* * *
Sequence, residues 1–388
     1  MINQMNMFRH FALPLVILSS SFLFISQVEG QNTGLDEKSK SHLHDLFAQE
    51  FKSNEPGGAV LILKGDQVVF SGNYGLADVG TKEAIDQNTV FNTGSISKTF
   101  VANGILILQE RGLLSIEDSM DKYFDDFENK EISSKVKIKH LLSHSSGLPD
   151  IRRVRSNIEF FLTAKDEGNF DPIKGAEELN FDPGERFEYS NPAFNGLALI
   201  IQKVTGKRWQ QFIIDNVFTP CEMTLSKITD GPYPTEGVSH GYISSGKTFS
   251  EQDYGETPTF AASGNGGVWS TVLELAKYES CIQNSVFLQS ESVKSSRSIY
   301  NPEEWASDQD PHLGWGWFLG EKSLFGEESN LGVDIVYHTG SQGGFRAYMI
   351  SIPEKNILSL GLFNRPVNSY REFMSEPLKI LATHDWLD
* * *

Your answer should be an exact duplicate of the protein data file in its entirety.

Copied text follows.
Sequence, residues 1–388
     1  MINQMNMFRH FALPLVILSS SFLFISQVEG QNTGLDEKSK SHLHDLFAQE
    51  FKSNEPGGAV LILKGDQVVF SGNYGLADVG TKEAIDQNTV FNTGSISKTF
   101  VANGILILQE RGLLSIEDSM DKYFDDFENK EISSKVKIKH LLSHSSGLPD
   151  IRRVRSNIEF FLTAKDEGNF DPIKGAEELN FDPGERFEYS NPAFNGLALI
   201  IQKVTGKRWQ QFIIDNVFTP CEMTLSKITD GPYPTEGVSH GYISSGKTFS
   251  EQDYGETPTF AASGNGGVWS TVLELAKYES CIQNSVFLQS ESVKSSRSIY
   301  NPEEWASDQD PHLGWGWFLG EKSLFGEESN LGVDIVYHTG SQGGFRAYMI
   351  SIPEKNILSL GLFNRPVNSY REFMSEPLKI LATHDWLD